Institute of English and American Studies
Seminar: Globalized Literatures, World Languages and Translation
Term: Winter 2012/2013
Translation in Alison Wong’s novel As the Earth Turns Silver
As the Earth Turns Silver is the first novel by the poet and fiction writer Alison Wong and was published by Penguin in New Zealand in 2009. The plot is set in Wellington, New Zealand around the turn of the 20th century and reconstructs the cultural climate there at the time given. In explanation, New Zealand had become a country of immigrants: the British Empire had annexed the country in 1840, the Māori consequently lost their sovereignty and were forced back further by the huge number of British settlers; besides, gold discoveries triggered the first wave of immigration from China in 1865. Thus, a racial hierarchy had established, with the British considering themselves superior to the others and an active Anti-Chinese League had built up. Wong’s novel now is both a love story and tragedy as well as a representation of Chinese settlement in the country. On the one hand, there is Katherine McKechnie as one of the protagonists of the novel, whose husband Donald drowns in a drunken accident, and her two children, Edie and Robbie. On the other hand, there are Chung Yung and his elder brother Shun, who have fled from Kwangtung, China, in 1905, leaving wife and children behind, and now run a greengrocer’s shop in Wellington. Their stories intermingle since Katherine usually buys her fruit and vegetables in their shop. Gradually she befriends the younger of the two brothers, Yung, and, after her husband’s death, their friendships eventually deepens into a secret love affair – secret because the interracial relationship would be regarded as a scandal in both communities. Disastrously, Katherine’s son Robbie has taken on his father’s and Lionel Terry’s racist views so that, knowing of his mother’s and Yung’s affair, he finally kills the Chinese in his shop and, later on, commits suicide in the garden of their house. Even though Wong herself is of Chinese descent, she points out that the story is not her family’s story nor a real representation of history, but a mere work of fiction. All in all, Wong has produced a thought-provoking work about choices we make, the courage to stay true to oneself and, last but not least, racism/xenophobia and its absurdity and consequences.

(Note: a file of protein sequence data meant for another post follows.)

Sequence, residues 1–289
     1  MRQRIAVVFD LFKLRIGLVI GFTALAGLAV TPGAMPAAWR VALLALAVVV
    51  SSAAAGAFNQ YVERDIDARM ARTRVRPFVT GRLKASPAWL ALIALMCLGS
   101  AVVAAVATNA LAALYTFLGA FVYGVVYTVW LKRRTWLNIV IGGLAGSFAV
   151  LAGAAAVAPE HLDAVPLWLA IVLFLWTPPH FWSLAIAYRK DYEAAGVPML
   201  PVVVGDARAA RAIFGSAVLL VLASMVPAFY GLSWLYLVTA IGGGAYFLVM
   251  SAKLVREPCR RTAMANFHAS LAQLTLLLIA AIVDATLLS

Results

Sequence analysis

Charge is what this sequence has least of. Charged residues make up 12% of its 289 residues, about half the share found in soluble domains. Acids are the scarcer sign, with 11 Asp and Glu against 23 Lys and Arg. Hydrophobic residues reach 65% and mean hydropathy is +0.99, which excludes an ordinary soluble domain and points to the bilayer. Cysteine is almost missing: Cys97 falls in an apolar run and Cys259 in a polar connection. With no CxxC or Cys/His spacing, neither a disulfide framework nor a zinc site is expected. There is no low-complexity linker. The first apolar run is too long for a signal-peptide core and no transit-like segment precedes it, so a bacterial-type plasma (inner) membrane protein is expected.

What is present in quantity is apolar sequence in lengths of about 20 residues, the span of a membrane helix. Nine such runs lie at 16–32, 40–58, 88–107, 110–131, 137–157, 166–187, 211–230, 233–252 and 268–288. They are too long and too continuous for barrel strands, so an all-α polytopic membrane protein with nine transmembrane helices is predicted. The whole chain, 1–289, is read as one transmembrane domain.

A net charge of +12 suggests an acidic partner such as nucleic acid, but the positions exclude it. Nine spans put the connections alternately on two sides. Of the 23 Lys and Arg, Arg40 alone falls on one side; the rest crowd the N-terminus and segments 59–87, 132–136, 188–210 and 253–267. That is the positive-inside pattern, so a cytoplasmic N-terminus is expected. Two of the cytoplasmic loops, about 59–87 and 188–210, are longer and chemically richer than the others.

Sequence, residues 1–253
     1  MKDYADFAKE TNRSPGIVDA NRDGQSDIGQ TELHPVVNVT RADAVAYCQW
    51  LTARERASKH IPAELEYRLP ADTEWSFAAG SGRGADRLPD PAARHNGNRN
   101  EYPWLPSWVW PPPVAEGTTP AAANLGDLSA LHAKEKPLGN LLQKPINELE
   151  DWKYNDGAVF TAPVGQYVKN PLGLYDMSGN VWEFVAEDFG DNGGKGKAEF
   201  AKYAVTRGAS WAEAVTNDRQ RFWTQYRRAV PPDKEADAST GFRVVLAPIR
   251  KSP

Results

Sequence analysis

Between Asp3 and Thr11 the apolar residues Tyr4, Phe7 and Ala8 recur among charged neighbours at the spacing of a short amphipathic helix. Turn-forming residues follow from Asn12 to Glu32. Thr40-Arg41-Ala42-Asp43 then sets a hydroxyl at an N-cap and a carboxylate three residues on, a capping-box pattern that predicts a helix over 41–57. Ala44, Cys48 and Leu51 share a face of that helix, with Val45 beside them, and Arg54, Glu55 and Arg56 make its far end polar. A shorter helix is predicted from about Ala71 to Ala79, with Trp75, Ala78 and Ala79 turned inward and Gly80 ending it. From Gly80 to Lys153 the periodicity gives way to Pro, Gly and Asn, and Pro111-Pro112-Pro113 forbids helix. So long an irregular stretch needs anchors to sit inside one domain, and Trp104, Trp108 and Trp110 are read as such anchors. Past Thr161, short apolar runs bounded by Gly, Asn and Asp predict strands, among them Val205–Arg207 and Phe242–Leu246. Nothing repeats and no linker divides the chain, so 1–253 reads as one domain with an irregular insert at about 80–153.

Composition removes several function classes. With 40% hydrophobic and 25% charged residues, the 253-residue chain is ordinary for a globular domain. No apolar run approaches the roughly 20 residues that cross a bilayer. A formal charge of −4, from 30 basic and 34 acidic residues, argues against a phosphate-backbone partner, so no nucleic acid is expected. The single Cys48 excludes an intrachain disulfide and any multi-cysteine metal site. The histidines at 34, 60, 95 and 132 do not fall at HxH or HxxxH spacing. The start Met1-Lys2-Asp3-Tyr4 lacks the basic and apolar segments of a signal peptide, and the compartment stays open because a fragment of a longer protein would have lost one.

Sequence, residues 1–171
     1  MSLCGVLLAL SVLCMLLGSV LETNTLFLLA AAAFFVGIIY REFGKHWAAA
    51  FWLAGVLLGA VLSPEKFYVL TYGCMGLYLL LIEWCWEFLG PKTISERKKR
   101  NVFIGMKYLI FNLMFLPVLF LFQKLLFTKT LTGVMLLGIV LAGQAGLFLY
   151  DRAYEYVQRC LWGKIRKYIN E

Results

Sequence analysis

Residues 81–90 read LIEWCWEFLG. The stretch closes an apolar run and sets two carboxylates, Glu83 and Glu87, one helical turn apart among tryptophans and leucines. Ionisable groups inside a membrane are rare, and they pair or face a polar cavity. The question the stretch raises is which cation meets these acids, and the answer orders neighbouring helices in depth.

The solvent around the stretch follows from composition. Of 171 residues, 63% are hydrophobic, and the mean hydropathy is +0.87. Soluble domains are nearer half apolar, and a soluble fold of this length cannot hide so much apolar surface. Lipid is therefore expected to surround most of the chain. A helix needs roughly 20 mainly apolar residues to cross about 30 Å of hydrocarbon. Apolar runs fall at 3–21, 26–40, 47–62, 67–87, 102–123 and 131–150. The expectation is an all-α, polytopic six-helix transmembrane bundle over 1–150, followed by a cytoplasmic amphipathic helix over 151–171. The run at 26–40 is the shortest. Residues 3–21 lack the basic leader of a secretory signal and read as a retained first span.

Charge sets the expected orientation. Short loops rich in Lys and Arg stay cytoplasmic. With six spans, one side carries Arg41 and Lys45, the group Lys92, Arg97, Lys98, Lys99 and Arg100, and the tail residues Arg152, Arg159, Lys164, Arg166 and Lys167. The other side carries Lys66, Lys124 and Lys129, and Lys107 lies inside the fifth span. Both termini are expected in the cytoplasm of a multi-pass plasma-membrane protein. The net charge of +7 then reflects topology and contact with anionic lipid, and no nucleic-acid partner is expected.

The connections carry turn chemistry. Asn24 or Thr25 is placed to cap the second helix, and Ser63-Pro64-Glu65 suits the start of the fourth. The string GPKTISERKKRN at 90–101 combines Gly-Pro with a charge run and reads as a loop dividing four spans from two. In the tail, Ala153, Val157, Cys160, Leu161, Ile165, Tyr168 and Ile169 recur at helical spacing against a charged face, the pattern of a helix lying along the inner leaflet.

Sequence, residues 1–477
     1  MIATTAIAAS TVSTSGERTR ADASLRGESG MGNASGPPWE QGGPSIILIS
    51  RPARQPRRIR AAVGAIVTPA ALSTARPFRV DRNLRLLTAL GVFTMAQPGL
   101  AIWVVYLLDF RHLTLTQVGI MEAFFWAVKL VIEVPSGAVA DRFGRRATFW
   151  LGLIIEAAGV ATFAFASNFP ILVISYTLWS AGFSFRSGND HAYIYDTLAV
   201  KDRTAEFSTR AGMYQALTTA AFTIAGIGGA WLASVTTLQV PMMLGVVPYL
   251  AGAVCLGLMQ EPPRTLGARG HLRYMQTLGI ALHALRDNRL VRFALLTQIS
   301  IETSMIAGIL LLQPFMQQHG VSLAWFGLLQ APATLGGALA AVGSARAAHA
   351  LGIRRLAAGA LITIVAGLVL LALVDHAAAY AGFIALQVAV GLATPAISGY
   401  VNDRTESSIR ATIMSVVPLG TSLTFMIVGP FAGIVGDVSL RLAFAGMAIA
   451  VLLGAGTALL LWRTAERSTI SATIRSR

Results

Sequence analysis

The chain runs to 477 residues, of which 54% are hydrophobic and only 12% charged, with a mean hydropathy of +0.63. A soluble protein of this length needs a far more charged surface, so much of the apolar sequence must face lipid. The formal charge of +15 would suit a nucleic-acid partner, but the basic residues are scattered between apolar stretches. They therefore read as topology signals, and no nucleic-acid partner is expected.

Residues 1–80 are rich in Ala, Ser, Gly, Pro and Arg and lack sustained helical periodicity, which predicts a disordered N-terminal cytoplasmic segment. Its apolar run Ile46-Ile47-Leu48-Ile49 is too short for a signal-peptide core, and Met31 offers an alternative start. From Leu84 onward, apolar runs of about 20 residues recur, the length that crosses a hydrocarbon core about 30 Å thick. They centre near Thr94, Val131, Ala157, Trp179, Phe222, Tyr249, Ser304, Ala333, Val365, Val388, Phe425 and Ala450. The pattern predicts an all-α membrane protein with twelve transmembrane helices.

It can obviously be said that the novel is a culturally extensive novel, containing primarily the British and the Chinese culture in New Zealand. A clash of cultures is therefore inevitable and, when cultures meet – especially ones as different as the British and the Chinese – translation is always necessary. Thus, it is by no means surprising that translation plays an important role in As the Earth Turns Silver, even though it is mostly not explicitly treated. Nevertheless, we actually encounter “real” interpreters and translators, who become necessary for the interaction between both cultures – at court, but also in social life. Apart from some direct form of translation, there is also an indirect translation of cultures. Misunderstandings keep coming up particularly between Yung and Katherine because they both stay with their cultural understanding of the world, sometimes not being able to follow the other’s thinking and arguing. This problem is also mentioned by Ferré, who says that translators “struggle to bring together different cultures, striding over the barriers of those prejudices and misunderstandings which are the result of diverse ways of thinking and of cultural mores. They wrestle between two swinging aces, which have, since the beginning of mankind, caused wars to break out and civilizations to fail to understand each other: the utterance and the interpretations of meaning; the verbal sign (or form) and the essence (or spirit) of the world (41). Finally, there is a lot of translation within the narrator’s voice, employing many Chinese terms and sometime rewriting them in literally translated English – more about this later. However, since the novel is meant to present parts of a non-Western culture to Westerners, that is to say, in English, it can be considered under the rubric of translation (Dingwaney 4).
 For example, see page 33:
Duck had lengthy discussions with the interpreter.
‘We need an interpreter for the interpreter,’ the Prosecutor said.
If the interpreter was to be believed, the Chinaman saw a man ...
 For example, see page 127: translating names
She watched him write his Christian name [...]. ‘ Chung, ’ he was saying, and she was lost, somewhere after the symbol for China, the centre of all things, and three strokes of a heart beating. ‘Faithful,’ he was saying, ‘loyal,’ and she thought about faith, about loyalty and what might be true. ‘ Yung,’ he was saying, ‘courageous,’ and she thought about courage, about what she had always been afraid to do, what she’d always been afraid to be.
 For example, see page 155:
[...] and sometimes even simple communication was fraught with misunderstanding.
Once in the early days when he delivered her vegetables, she’d offered him a cup of tea and he, being polite, declined, as is the custom. But she had taken him at his word and did not offer again, and then again. In hindsight he realised this was not rudeness, or even a lack of generosity. It was the foreigner’s way.